Courtesy Summit Entertainment
EVERY PICTURE TELLS A STORY: Dakota Fanning plays a 'Watcher' in 'Push.'
Movers and Shakers
Dakota Fanning is a standout in director Paul McGuigan's superhero oddity 'Push'
By Richard von Busack
IN Push, director Paul McGuigan continues one of the most perplexingly mannered careers in action cinema, including The Acid House, Gangster No. 1 and the mannered Lucky Number Slevin. A break from all this cinematic reiteration was the interesting medieval drama The Reckoning. McGuigan's eye for unusual actresses (Lucy Liu, Saffron Burrows) is a mitigating factor in his career-long fascination with surface—if not mitigation for his tendency to neglect what's below it. Going Hong Kong this time, McGuigan coasts through the night markets so many times that he's like a shopper who forget something. David Bouria's script boils with stolen X-Men tropes. Push concerns nine different types of metahumans, all with different powers, running amok in Hong Kong. Meanwhile, an evil bald version of Charles Xavier, called Henry Carver (Djimon Hounsou), flies in from the United States. Representing "The Division" he tries to round up all the strange beings. Stealing the show is Dakota Fanning as a "Watcher" named Cassie; they probably should have found a different slang term for clairvoyance, as there are a hell of a lot of Buffy the Vampire Slayer fans out there. Cassie is trying to clarify the visions she has about the imminent death of both herself and the "mover," Nick Gant (Chris Evans). She busily scrawls out felt-tip-marker visions on black paper, illustrating potential futures. Nick has a family of thugs named Pop on his trail; they're "Bleeders." They can emit death screams and make the pupils of their eyes square; they can break glass and "squash your brain like a tomato." Avoiding them and finding a treasure they've hidden, Cassie and Nick run into various representatives of the metahuman community among the neon and the fish tanks. Most memorable is the suave fancy-man Hook (the Cary Grant–accented Cliff Curtis), who is able to cloud the minds of waitresses and others seeking money. But it's the arrival of the powerful "Pusher," or telepath Kira (Camilla Belle) that gums up things.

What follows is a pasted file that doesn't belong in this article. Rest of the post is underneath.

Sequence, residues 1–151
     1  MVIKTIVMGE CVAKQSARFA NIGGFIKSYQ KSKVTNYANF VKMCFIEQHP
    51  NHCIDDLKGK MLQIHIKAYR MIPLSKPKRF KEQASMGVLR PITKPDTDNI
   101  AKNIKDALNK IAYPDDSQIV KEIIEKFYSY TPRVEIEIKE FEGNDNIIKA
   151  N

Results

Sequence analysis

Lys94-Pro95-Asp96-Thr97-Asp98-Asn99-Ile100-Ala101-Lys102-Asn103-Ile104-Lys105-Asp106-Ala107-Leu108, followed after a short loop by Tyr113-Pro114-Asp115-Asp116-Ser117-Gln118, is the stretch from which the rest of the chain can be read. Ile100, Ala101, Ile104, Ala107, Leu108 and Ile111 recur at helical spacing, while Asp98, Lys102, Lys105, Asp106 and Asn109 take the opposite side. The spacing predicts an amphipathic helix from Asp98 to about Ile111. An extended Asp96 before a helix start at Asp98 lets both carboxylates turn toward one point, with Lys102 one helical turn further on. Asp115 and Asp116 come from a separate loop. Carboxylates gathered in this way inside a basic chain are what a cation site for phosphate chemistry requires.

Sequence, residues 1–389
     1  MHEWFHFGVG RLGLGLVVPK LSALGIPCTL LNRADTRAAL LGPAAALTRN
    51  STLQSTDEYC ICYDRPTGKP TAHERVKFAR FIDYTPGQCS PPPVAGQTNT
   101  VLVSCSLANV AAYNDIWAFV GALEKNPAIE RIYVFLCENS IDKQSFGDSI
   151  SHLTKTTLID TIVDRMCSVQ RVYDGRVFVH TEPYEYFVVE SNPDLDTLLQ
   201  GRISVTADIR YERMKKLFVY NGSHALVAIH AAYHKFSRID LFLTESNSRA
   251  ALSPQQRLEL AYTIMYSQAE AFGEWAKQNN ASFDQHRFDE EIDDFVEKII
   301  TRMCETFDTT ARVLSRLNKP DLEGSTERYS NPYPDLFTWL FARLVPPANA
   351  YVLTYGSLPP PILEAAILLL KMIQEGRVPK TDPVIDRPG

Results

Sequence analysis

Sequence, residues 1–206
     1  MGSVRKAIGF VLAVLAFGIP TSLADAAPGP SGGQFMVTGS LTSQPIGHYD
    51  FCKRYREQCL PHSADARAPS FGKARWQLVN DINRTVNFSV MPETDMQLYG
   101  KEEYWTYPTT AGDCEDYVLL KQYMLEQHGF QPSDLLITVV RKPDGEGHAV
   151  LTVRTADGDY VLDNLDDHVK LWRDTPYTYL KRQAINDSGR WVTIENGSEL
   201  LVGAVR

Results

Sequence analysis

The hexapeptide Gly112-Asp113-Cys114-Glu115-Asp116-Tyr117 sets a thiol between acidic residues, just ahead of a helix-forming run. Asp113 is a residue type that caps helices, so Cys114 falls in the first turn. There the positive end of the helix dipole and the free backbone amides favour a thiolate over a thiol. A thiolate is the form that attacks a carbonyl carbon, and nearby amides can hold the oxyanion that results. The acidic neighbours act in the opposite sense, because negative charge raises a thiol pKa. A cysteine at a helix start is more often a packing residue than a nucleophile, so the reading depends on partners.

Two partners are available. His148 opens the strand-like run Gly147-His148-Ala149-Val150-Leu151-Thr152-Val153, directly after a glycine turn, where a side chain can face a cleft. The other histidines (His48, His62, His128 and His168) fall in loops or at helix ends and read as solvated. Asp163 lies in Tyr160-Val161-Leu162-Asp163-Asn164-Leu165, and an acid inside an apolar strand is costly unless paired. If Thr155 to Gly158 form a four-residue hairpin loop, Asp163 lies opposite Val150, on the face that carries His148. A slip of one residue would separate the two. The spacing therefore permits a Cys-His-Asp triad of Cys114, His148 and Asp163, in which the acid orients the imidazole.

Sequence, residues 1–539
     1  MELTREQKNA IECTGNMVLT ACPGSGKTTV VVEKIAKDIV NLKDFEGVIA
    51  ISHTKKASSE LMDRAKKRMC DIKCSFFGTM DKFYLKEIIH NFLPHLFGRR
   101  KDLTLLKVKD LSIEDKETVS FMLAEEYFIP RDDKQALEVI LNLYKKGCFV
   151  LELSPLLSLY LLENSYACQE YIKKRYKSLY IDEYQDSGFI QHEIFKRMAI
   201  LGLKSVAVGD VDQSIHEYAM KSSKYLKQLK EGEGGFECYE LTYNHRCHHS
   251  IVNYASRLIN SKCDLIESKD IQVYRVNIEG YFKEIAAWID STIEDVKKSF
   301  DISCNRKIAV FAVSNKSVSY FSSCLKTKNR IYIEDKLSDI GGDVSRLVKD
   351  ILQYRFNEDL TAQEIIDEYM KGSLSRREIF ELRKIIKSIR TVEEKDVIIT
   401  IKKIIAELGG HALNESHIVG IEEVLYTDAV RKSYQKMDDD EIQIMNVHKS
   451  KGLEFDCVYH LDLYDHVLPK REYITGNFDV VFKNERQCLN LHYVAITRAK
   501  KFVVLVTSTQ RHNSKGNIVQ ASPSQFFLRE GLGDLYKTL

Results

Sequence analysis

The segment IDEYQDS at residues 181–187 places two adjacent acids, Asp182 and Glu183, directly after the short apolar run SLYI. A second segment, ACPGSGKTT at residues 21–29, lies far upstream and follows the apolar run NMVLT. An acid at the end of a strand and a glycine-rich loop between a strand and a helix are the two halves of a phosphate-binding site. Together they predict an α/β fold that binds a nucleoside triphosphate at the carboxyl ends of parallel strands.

Lending the small-camera style to a superhero film works off and on, as does the climax on top of a half-finished skyscraper, with the timber bamboo scaffolding shivering and flying into parts as Nick's superpowered punches raise up little rainbow-bursts of distorted light. Push's look is different, and its who-knew-what-when plot is chewing gum for the brain. But the payoff doesn't change the TV pilot–like form of the plot. And there's stuff you recognize in the stew: such as The Night Has a 1000 Eyes. The borrowed ideas stretch from as far back as 1932's Chandu the Magician up to and beyond Scanners. Fanning's precociousness gets a full airing in an amusing teenage drunk scene. Sometimes, Cassie has to drink a little to get a better fix on the future; "It's work!" she protests. There's a force in Fanning that might turn Shelley Winters–oid steamroller. Still, she's regularly choosing slightly exotic parts. The only real clairvoyance this overlong film lends you is the prediction that Fanning is not going to be just another former child star someday.
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